I'm assuming the entire phrase would be "don't have a coronary occlusion" meaning "don't have a heart attack." I haven't been able to find anything useful regarding when or where it might have originated.

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    Where have you looked? (This saves us wasting time and effort looking in the same places!) – TrevorD Jul 4 '13 at 22:55
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    In addition to what Trev asks (where you've looked for an answer) you could give us more about where the question originates - which is to say, where did you hear this? Your assumption sounds reasonable, but this is not (specifically) a very common expression. "Don't have a ___" is quite common, and I expect its origin is much older than this specific version. – hunter2 Jul 5 '13 at 7:07
  • I would guess it's a warmed-over version of "don't have a conniption/fit". books.google.com/ngrams/… – Hot Licks Aug 19 '16 at 19:27

It has the same meaning as "Don't have a heart attack" and is used in a way to tell the other person to calm down and not get worked up.

The earliest examples I found are in snippets from 1982 books.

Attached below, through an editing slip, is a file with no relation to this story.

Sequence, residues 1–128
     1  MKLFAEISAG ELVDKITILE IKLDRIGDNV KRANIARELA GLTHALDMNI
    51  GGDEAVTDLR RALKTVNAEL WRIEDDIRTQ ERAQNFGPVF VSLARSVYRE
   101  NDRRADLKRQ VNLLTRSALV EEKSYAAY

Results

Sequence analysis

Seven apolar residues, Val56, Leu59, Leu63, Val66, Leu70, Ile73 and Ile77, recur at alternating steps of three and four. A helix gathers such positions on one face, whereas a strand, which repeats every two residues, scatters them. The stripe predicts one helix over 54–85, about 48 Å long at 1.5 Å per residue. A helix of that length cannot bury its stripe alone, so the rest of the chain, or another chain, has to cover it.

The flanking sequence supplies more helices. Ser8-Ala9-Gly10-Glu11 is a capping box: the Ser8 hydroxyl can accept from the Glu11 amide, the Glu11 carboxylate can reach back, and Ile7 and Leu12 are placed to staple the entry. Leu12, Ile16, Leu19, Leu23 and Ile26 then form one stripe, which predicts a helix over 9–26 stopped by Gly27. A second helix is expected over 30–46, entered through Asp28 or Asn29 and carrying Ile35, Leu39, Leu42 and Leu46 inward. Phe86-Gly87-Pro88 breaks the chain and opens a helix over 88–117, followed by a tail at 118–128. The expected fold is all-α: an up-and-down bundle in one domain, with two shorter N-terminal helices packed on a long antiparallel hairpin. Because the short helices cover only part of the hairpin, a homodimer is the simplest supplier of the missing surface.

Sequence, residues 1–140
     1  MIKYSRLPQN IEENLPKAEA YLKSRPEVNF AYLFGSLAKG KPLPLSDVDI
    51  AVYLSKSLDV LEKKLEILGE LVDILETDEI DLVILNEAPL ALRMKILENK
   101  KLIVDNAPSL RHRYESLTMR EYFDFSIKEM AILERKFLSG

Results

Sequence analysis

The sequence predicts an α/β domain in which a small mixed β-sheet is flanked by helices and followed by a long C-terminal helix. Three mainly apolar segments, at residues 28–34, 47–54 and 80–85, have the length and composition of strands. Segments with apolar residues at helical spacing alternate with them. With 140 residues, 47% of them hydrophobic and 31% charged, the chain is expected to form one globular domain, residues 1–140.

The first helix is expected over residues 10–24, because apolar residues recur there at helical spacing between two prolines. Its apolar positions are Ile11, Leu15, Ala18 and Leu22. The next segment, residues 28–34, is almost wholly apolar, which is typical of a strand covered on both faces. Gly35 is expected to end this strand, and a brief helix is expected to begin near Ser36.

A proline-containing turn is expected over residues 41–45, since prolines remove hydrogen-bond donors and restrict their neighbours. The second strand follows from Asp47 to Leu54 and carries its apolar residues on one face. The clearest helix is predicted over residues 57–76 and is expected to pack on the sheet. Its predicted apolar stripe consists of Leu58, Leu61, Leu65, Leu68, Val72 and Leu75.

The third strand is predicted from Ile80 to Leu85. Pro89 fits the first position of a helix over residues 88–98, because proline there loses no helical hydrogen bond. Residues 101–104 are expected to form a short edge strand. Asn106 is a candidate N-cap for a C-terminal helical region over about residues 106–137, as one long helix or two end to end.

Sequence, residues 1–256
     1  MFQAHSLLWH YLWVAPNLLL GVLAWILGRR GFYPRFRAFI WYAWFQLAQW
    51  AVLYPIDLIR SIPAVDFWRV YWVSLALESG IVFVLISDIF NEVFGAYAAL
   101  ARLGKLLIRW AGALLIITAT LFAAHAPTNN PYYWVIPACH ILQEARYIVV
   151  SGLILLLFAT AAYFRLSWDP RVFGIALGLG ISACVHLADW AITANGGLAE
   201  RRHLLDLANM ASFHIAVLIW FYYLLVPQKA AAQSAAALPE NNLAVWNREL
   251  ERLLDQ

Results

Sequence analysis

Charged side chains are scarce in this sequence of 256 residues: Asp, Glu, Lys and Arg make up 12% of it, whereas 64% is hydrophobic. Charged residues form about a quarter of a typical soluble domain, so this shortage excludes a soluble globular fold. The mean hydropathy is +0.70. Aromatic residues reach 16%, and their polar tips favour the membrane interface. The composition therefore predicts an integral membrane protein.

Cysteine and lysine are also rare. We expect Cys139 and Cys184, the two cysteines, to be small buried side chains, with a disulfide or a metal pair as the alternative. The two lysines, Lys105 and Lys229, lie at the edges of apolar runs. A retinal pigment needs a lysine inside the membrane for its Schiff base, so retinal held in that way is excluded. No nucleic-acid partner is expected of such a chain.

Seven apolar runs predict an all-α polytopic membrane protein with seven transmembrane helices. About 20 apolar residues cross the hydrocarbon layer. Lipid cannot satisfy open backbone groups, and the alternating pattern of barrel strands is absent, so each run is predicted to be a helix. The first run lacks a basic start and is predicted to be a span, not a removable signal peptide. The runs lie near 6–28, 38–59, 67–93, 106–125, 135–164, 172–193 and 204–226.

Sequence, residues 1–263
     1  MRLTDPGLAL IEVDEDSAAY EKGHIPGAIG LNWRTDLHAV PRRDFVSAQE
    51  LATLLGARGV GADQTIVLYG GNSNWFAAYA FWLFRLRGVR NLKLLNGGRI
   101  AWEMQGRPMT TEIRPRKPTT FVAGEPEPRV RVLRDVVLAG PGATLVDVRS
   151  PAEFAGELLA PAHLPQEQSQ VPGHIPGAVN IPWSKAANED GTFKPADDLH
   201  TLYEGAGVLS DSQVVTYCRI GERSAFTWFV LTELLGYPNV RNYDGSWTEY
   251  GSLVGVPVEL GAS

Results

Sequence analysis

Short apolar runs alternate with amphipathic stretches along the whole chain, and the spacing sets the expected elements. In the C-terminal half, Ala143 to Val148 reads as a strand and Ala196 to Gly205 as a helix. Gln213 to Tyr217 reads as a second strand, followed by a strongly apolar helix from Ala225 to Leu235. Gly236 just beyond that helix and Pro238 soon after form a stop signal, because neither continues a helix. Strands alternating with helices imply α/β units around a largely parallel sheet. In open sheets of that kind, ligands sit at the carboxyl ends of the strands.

Immediate Release - Page 41 - William Mathewson - 1982 - Snippet view:

"Of course not, Stanley," said Lynette patiently. "Don't have a coronary."

"Stan," Tony said, "look, I got to get back to shore."

"Yeah, yeah," said Stanley.

Marva Collins' Way - Page 135 - Marva Collins, Civia Tamarkin - 1982 - Snippet view:

"Don't give me that 'I'm finished' business," she said. "We are never finished in life. We don't ever stand around idly or sit with our hands folded, acquiescing. God isn't finished with you and I'm not either."

"Okay, okay, don't have a coronary," Gary said, sitting down and holding up his palms in surrender.

Marva laughed. "I love your spunk. Don't ever let anyone break your will. Since you are finished, why don't you let us read your theme?"

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Well, according to this google NGram, it seems to have appeared in 1960 and to have peaked in the early 70's. Perhaps it was popularized by a TV show of the time?

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